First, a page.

Less than 1 percent of people with Parkinson’s participate in drug research studies. People with Parkinson’s participate in research for various reasons. Some do so with the hope of finding a new treatment for themselves. Some want to contribute to knowledge that will benefit others in the future.
When deciding if a research trial is for you, it’s important to understand that, although everything is done to insure the safety of research subjects, the true safety and benefit of experimental treatments are not yet known.
Prescription drugs would not be available without volunteer research subjects. Every prescription drug used to treat Parkinson’s disease has been tested in clinical trials prior to approval by the Food and Drug Administration (FDA).
There are many research hurdles a potential drug must clear before being approved for use. It must first undergo rigorous testing for safety and benefit in pre-clinical studies, those that involve animals or take place in laboratory settings.
Only drugs that pass this rigorous safety test are made available for clinical trials, which are studies involving humans.
Listed here are the new Parkinson’s drugs made available through clinic trials over the past five years.
Azilect (Rasagiline)—This MAOB inhibitor approved for early Parkinson’s may have disease-modifying properties.
Neupro (Rotigotine) patch— Patches allow for smooth, long-lasting effects, but these patches were recalled due to crystallization.
Parcopa—Orally disintegrating carbidopa/levodopa tablets
Requip XL—Once-a-day, long acting dopamine agonist
Zelapar—Dissolving tabs; a reformulation of selegiline
Exelon patch—For Parkinson’s disease memory problems
What are the types of drug trials performed?
There are four phases of clinical trials. These phases progress from the earliest stage of discovery, testing drugs on just a few people to extensive testing after a drug is approved and prescribed to many.
- Phase I. Tests the drug in a small number of individuals (20 to 80) to evaluate its safety, identify side effects, and determine the best dose for study.
- Phase II. Extends this work to include a larger number of people (100 to 300).
- Phase III. Patients most commonly participate in Phase III and IV clinical trials. In these trials, the medications have already been tested for safety in a small number of volunteers. Their benefits and side effects have been documented and compared to exiting treatments. The drug shows promise so extensive study in many people (1000s) is needed before the drug can be approved by the FDA for a specific problem.
- Phase IV. Ongoing drug testing or surveillance in the general population after a medicine is approved and available for prescription use. These studies search for problems and benefits in the general population representing more diversity of people and often search for other problems that the drug may help.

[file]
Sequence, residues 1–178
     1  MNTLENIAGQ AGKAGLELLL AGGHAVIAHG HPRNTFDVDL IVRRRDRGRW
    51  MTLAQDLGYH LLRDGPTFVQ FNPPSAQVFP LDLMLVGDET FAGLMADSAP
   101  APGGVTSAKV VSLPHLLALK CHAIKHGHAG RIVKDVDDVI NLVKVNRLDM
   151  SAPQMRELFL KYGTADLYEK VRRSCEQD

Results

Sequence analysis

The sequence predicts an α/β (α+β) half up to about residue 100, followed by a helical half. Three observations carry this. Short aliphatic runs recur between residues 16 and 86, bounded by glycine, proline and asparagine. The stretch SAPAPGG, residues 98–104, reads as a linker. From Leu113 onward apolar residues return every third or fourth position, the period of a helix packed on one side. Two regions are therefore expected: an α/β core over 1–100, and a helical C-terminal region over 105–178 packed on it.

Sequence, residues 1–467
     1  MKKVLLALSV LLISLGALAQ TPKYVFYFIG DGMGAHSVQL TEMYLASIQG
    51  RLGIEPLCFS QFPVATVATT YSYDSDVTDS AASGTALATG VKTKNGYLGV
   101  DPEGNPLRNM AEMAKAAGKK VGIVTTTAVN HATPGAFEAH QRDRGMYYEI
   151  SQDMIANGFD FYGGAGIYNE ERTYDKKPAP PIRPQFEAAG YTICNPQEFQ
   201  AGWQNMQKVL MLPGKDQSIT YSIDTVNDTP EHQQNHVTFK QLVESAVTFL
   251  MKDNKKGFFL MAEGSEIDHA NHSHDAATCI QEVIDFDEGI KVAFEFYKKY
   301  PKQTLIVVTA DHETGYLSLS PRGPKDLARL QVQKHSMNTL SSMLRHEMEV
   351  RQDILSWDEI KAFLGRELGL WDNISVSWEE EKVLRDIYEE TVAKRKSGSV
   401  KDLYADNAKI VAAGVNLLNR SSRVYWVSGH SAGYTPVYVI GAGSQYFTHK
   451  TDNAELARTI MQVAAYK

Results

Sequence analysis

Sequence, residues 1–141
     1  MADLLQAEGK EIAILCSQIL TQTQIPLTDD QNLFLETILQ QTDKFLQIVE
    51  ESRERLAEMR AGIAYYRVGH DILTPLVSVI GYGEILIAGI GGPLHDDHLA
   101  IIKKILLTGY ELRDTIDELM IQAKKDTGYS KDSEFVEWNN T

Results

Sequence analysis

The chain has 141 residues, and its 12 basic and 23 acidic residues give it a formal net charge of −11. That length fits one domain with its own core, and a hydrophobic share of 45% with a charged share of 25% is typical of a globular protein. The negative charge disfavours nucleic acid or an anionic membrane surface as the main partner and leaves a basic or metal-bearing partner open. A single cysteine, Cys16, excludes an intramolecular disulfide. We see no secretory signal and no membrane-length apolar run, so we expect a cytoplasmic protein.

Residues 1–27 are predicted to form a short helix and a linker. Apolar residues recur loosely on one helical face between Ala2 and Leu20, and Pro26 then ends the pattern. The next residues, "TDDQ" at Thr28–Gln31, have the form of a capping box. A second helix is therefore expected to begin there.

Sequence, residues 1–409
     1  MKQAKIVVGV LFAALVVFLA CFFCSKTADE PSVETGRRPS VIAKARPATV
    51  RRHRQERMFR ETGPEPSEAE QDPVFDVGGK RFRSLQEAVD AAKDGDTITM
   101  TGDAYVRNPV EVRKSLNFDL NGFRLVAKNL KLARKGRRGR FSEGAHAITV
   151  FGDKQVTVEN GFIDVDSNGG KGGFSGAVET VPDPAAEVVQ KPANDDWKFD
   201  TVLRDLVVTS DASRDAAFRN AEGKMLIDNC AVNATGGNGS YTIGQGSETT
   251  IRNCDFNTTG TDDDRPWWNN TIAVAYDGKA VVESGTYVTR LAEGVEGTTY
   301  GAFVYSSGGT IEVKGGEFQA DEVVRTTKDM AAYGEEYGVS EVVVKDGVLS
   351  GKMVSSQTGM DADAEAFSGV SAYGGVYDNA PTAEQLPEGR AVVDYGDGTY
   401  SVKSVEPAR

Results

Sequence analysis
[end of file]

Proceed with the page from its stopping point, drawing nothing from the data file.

The FDA serves as the governing body that approves a treatment if efficacy and safety outcomes are reached in Phase III trials.
Benefits of Placebo Controlled Trials
Many research trials include a placebo control. In such trials there is the chance you will not be given the active medicine but will instead receive an inactive pill or treatment.
In “double blind” studies, neither the researcher nor the volunteer knows whether or not the active pill or treatment has been administered.
A strong “placebo effect” is well-documented in Parkinson’s studies. Simply expecting that a medicine will help can increase the chance of experiencing an improvement to symptoms.
Placebo-controlled trials, then, help insure that any benefits experienced are the result of the medication or treatment being tested, rather than the influence of positive expectations.
Many placebo-controlled clinical trials are followed by an extension trial that allows all patients to receive the active drug.
There are plenty of good reasons to participate in clinical research, beyond the obvious benefits to science. Knowing you’re making a difference can feel empowering to patients, suggests neurologist Pinky Agarwal, M.D., of the Booth Gardner Parkinson’s Care Center.
“By participating in a clinical trial, patients are able to play a more active role in their health care,” Agarwal says.
Research trials are not for everyone. It is important to know your rights as a research participant before you participate in any research.